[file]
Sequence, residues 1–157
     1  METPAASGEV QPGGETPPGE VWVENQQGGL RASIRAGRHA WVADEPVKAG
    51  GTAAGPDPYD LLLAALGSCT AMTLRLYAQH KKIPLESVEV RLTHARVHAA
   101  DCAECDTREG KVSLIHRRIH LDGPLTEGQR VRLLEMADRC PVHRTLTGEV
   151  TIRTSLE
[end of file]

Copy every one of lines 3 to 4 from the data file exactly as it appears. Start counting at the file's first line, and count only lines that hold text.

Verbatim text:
    51  GTAAGPDPYD LLLAALGSCT AMTLRLYAQH KKIPLESVEV RLTHARVHAA
   101  DCAECDTREG KVSLIHRRIH LDGPLTEGQR VRLLEMADRC PVHRTLTGEV